Each new decision added to the Supreme Court abortion jurisprudence confuses the standard of the right to abortion. Even when granting certiorari, the Supreme Court has consistently reaffirmed the fundamental right to abortion while continually altering the right to allow for new limits on an individual’s ability to obtain one, making the standard harder for the lower courts to apply and the circuits to be consistent. For example, the Supreme Court’s latest decision in June Medical v. Russo, the Supreme Court published a plurality decision making consistency and clarity in the constitutional right to access abortion nearly impossible. When the Supreme Court comes down in a plurality opinion, that opinion still has precedential effects. In Marks v. United States, the Supreme Court created the Marks Rule instructing lower courts to ascertain precedential effect in the narrowest common denominator of a plurality holding. However, using the Marks Rule to determine a controlling opinion has been deemed a “vexing task,” leaving many circuit splits in its wake. Using the Marks Rule to determine the controlling opinion in June Medical’s plurality is already plaguing lower court judges across the nation; circuits differ from holding that June Medical left the right to abortion unchanged to determining the plurality opinion overruled prior abortion precedent, creating variation and unreliability in access to reproductive rights by jurisdiction. The abortion debate has yet to hit its breaking point and state politics, as well as in judicial appointments.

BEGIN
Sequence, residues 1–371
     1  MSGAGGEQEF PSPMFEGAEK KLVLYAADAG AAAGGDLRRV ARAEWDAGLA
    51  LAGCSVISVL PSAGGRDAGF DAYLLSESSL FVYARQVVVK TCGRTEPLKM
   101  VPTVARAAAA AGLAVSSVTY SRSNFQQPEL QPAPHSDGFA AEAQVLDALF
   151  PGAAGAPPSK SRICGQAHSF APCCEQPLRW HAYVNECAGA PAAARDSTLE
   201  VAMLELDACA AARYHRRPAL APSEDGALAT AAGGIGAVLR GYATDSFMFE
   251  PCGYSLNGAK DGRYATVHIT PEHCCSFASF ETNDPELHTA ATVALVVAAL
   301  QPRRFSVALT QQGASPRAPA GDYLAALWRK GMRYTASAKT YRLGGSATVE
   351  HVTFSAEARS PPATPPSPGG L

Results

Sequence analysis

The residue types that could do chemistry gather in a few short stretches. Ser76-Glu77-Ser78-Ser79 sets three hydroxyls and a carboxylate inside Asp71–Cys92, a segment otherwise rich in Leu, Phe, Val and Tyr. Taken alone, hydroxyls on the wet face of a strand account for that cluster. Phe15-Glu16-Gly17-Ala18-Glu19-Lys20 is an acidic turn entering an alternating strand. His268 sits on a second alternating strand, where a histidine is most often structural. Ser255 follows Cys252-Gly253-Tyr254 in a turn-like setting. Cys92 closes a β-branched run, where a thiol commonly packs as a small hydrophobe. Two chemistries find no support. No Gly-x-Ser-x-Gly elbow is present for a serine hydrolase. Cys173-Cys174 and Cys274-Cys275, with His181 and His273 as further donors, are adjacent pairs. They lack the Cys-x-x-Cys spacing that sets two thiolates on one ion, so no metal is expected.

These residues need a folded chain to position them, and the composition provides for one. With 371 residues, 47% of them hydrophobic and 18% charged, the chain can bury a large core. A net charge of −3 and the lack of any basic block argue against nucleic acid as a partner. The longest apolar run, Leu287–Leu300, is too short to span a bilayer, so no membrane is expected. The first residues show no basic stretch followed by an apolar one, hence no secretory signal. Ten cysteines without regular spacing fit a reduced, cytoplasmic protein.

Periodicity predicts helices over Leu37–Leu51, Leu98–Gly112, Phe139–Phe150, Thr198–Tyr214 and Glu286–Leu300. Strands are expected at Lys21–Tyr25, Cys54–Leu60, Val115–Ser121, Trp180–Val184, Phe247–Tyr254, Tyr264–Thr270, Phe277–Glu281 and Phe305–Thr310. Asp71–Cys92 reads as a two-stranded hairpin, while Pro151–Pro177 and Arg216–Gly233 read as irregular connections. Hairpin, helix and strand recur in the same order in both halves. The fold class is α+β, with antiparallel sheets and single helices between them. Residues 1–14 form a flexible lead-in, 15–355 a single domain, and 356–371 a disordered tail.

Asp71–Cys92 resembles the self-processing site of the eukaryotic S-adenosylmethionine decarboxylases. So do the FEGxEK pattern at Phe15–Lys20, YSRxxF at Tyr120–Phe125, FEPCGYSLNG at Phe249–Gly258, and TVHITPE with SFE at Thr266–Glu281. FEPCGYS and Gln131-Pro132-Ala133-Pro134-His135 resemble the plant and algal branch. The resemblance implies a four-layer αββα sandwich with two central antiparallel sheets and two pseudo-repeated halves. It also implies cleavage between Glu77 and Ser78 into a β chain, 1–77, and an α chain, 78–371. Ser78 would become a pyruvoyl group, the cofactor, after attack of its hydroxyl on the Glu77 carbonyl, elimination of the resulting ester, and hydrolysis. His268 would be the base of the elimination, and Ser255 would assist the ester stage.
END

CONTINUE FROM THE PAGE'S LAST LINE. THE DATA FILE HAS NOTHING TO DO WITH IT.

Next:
The Marks Rule Misses the Mark: How the Seventh Circuit Correctly Determined the Precedential Effect of the Supreme Court's June Medical Plurality,
Seventh Circuit Rev.
Available at: https://scholarship.kentlaw.iit.edu/seventhcircuitreview/vol17/iss1/2